"Learning Communities STEM Education: Evaluating the Impact of the Enhanced Academic Student Experience Initiative (EASE)"
American Educational Research Association (AERA) Annual Meeting
Theme: Leveraging Educational Research in a “Post-Truth” Era: Multimodal Narratives to Democratize Evidence
April 5-9, 2019
Title: Learning Communities STEM Education: Evaluating the Impact of the Enhanced Academic Student Experience Initiative (EASE) (Paper)
Session: Promoting STEM Success and Persistence for Traditionally Disadvantaged Students: Evaluating Higher Education Student Success Programs
Authors: Sabrina Solanki, Di Xu, Peter McPartlan, Brian Sato
Abstract: The proposed study is an evaluation of a year-long learning communities program -- the Enhanced Academic Student Experience initiative (EASE) -- for incoming Biological Sciences (BioSci) majors at a large Hispanic-serving institution in California. EASE groups hundreds of incoming BioSci majors into cohorts of 30, co-enrolls these student cohorts in all first-year Biology and Chemistry courses, and provides participants with study skills support, increased academic counseling, and weekly meetings with a mentor. Selection into the program is determined by a strict cutoff on SAT-math scores at 600, providing an opportunity to assess the impact of EASE with a regression discontinuity design (RD). Analyses of the 2016 entering cohort (Cohort 1) show excellent compliance with the selection cutoff and promising short-run impacts on academic and non-cognitive outcome measures of social integration. The proposed study will take advantage of data collected during the 2017 academic year to: (i) examine longer-term outcomes such as two-year cumulative GPA and two-year retention for the 2016 cohort (Cohort 1); (ii) conduct a replication study of one- and two-year outcomes using data from the 2017 cohort (Cohort 2); and (iii) extend the 2017 analysis to include heterogeneous impact of the EASE program by student demographic characteristics.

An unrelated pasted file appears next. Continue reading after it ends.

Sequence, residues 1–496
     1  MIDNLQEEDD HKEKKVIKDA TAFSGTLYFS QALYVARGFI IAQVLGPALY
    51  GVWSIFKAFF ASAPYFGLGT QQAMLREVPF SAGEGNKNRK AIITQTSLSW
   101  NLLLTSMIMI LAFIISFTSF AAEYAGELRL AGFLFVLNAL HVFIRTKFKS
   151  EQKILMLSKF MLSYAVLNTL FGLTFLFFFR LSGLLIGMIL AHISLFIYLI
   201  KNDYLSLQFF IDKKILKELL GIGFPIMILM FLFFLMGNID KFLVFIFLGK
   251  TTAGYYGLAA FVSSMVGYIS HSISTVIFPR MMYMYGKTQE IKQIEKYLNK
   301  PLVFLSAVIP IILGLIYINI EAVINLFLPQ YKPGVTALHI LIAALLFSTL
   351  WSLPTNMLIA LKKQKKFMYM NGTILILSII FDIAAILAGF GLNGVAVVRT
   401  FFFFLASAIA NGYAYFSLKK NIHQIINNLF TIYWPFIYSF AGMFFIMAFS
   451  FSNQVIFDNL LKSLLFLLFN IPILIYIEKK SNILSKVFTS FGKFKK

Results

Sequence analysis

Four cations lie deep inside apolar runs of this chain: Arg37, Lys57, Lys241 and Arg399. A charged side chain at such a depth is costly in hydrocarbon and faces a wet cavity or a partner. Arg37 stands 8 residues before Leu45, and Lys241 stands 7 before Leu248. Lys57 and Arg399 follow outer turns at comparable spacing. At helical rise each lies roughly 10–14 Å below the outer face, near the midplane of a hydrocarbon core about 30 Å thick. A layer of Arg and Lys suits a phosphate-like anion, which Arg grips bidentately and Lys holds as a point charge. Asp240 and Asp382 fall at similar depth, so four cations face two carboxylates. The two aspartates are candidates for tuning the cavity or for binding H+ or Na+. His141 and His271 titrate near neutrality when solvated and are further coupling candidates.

The sample of this study includes all BioSci freshmen majors who entered during Fall 2016 (Cohort 1, N=1081) and Fall 2017 (Cohort 2, N=1110). Data for this study comes from multiple sources. Specifically, the institution’s Registrar Office provided information on student demographic characteristics, as well as transcripts. We also collected program-level data recording enrollment and participation in the EASE program. Academic and social-emotional engagement measures were collected through three waves of surveys – providing our non-cognitive outcomes.
The basic implementation of the RD design identifies the impact of the EASE program by comparing outcomes of students who score barely above the 600 SAT cutoff scores with those who score barely below; these students sharply differ in EASE assignment, yet are otherwise very similar. We will also include a heterogeneity analysis using a difference-in-difference strategy. This analysis will examine the impact of the EASE program by looking at changes in both the control group (students with greater than 600 on SAT-math) and treatment group (students with less than 600 on SAT-math) over time, that is, during years when EASE was not offered (before the 2015 academic year) and during years when EASE was offered (academic years 2016 and 2017) for each subgroup population.
Preliminary results show that the positive treatment effects found for the fall 2016 cohort in year 1 were sustained in year 2. Specifically, EASE students continued to earn higher cumulative GPAs than their non-EASE counterparts. The full set of results using both cohort 1 and 2 data including heterogeneity analysis and specific policy implications will be discussed during the AERA presentation.